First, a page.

Today, Theresa May and Angela Merkel met for the first time. I have followed Brexit events closely. Oddly enough, I have been working on a translation on team-building. The respective terms citoyenneté and community in French and English have stood in sharp contrast. French and English are full of false and fickle friends. The words may look similar, but they often have different positive or negative connotations, emotive appeal or different usages. They only look like equivalents. This set me thinking…
I used community in my translation. My French client queried my word choice. Communauté does not have the same resonance for him as citoyenneté. Yet, for me, the word community has a much greater emotive appeal and greater resonance in a text about working together. The emotive effect of a word in a foreign language is different for us.
I wince when I read an EU text addressing citizens. My reaction is instinctive. I wrote it off as Eurospeak until today. Now, against the Brexit backdrop, I see a fundamental breakdown in communication. I remember how odd the EU’s citizens’ dialogue sounded. The wording seems wrong to engage Brits from the front cover or the first words of a speech.
Citizenship in English is closely tied to nationality – and that now infamous Brexit word sovereignty. Sovereignty is important to the British for strong historical reasons. Citizenship is a cold, legal term; we associate it with our passports and official form-filling. It doesn’t have the same sense of belonging as community.
Citoyen has a much stronger emotive appeal in French than citizen in English. Its usage dates back to the French Revolution with its sense that all are equal. It appears in La Marseillaise – can you get more emotive than a country’s national anthem?
Researching my subject, I found that citoyenneté appears to have much of the usage of the English community. In a highly topical usage, I found it applied to efforts to bring Muslims and Christians closer together. A similar UK local government text refers to community cohesion.
My research has left me wondering if the UK would have felt more emotionally connected, if we had been choosing to remain in the European Community rather than leave the European Union. I suppose Brexiters will merely say that I am crying over spilt milk. I’m splitting hairs over word choice. Yet, such nuances do matter. They speak to something deeply rooted within us.
The UK was to take up the EU Presidency in 2017. I think it was wrong that UK voters were never told how close we were to holding the EU Presidency during the Referendum. This should have been the UK’s chance to influence the future direction of the EU. Very few Brits were aware of the UK’s forthcoming opportunity. Nor did they know that the Presidency would have meant working as a team or trio with Malta and Estonia. The EU Referendum should have followed the UK’s Presidency if Brits were still dissatisfied after this 18-month period of influence.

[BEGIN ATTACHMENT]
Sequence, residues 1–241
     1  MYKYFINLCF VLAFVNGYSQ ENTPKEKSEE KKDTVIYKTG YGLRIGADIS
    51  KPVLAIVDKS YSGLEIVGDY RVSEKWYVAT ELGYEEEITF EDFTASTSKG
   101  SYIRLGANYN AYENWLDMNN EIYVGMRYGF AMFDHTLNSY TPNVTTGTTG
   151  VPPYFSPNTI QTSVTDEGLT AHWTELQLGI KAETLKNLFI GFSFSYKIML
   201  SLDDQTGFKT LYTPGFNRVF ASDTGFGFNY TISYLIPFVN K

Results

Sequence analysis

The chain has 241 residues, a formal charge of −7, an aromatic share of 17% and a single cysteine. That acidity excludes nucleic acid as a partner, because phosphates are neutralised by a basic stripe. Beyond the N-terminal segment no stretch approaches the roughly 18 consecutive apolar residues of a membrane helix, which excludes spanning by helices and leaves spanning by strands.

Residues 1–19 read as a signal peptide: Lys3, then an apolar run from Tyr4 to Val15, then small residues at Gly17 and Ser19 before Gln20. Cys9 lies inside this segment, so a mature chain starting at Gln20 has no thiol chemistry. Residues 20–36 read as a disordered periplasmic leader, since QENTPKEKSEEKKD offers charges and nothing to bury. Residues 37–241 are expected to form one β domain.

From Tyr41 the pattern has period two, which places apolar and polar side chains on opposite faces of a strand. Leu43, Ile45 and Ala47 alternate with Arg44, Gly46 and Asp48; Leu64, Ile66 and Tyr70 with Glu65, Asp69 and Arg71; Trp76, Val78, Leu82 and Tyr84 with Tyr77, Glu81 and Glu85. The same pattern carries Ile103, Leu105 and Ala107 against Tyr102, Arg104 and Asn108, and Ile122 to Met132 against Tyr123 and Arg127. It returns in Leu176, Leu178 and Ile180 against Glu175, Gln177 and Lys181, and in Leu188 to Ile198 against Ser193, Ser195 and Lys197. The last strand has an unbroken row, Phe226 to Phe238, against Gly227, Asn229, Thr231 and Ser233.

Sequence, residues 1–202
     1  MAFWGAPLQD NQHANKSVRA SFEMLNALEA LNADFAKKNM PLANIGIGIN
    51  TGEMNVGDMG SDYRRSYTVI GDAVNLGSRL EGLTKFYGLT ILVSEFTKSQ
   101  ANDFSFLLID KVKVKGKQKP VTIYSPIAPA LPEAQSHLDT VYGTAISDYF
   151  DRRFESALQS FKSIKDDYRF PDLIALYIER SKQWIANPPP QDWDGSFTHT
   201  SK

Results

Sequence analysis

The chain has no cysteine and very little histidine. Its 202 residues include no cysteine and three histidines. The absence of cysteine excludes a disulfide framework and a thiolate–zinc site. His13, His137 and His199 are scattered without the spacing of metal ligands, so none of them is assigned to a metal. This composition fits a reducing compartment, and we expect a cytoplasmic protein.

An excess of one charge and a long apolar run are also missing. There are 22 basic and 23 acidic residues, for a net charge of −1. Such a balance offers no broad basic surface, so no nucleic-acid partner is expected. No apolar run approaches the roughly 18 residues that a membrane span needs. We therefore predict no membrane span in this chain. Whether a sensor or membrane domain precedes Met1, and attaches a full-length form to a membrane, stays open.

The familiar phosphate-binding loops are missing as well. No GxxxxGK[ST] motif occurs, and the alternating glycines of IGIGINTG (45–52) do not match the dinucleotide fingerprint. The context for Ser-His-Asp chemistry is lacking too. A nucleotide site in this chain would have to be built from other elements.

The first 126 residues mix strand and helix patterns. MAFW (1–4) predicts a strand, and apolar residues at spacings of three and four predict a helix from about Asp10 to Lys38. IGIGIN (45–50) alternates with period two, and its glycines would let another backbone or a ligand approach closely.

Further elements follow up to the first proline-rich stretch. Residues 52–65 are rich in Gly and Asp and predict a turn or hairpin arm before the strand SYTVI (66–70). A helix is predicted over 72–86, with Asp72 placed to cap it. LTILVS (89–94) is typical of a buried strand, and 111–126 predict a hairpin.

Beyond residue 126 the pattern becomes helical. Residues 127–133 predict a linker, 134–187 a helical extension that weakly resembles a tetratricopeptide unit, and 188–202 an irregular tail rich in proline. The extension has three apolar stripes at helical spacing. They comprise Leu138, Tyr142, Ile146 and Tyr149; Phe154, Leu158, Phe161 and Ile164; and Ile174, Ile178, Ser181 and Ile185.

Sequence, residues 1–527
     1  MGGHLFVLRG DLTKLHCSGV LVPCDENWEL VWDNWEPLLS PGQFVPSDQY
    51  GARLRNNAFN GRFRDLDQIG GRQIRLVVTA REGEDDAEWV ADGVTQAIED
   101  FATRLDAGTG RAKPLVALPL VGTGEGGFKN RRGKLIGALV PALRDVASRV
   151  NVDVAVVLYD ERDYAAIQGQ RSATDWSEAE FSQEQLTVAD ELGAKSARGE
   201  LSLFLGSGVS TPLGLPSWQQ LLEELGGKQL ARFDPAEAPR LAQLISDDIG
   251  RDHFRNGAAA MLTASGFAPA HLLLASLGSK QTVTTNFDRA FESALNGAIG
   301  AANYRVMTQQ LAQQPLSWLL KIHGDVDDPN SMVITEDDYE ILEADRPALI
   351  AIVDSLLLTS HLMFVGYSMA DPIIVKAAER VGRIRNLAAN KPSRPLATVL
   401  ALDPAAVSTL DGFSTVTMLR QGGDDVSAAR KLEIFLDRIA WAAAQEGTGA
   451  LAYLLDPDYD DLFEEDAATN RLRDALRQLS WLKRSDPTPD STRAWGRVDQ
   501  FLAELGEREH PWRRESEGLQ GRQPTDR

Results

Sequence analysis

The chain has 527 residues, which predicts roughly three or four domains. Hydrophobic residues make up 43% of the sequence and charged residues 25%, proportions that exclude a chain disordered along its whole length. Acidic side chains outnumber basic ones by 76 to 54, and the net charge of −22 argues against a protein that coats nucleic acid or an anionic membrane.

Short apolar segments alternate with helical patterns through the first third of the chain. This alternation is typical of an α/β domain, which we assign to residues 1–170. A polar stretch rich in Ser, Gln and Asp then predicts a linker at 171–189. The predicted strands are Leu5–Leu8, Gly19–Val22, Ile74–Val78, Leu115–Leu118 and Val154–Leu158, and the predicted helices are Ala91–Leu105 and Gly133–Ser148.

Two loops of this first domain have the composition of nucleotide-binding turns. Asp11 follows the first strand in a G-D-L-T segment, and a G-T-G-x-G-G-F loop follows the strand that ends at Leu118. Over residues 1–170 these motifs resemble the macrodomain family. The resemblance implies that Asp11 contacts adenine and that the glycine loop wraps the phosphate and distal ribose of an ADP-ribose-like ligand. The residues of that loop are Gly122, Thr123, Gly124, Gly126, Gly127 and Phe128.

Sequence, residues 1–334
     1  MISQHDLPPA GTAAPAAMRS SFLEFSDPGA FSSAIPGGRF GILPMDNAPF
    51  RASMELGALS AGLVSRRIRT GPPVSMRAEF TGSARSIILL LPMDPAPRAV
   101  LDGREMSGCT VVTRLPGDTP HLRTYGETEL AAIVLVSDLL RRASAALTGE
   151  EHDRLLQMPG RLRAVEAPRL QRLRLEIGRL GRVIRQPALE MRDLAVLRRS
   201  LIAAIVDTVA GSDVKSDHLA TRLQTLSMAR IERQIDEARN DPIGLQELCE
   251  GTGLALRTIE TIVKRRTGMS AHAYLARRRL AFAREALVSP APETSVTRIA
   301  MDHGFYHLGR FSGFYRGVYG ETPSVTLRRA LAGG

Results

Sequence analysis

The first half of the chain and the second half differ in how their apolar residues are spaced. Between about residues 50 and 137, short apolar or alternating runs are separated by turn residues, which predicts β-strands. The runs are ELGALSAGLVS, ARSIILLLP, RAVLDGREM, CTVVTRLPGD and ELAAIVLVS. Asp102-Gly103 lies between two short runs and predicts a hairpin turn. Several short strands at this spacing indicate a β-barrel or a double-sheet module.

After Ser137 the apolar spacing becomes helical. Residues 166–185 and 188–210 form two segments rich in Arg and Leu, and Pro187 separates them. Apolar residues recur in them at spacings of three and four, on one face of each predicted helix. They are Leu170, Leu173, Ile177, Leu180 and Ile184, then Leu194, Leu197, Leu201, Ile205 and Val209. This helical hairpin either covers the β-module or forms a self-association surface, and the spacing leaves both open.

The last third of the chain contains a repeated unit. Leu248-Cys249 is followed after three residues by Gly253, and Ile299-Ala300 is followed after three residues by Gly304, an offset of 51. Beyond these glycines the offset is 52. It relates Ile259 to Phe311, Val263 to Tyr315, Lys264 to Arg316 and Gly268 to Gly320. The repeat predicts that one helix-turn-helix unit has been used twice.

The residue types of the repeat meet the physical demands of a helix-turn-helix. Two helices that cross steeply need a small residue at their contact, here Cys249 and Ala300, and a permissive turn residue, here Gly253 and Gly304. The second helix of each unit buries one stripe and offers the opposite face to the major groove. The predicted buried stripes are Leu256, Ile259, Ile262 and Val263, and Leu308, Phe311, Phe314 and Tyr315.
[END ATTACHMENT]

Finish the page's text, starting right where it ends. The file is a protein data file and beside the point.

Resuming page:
Theresa May today suggested that she would let the EU Presidency go. I believe that this is a mistake. Even without Brexit, the EU will have to redefine its mission and remit. All the indications suggest that the UK will remain one of Europe’s staunchest allies and a strong trading partner. Our pragmatic approach could prove useful in the tricky times ahead.
Cultural differences in communications
I can only hope that the EU PR machine reconsiders its homogenised communications as a result of Brexit. It needs to take greater account of cultural differences. I wonder how many other miscommunications like citizen and community are lurking in other translations. I can’t help thinking about Khrushchev’s “we will bury you”. What we understood and what he meant weren’t the same thing. The influence of those words was far-reaching, as Brexit is proving now.
|What will Brexit mean for democracy and union in the United Kingdom?|
Ah, but Theresa May and Angela Merkel seem to agree that ‘Brexit is Brexit’. Did they mean it? What do they each understand by Brexit? Undoubtedly, not the same thing at this early stage.
What did the UK public understand by Brexit? Not how it is turning out… Will the Referendum withstand legal challenge in the courts? Where does any course of action leave democracy?
Is the subject really so dead and buried?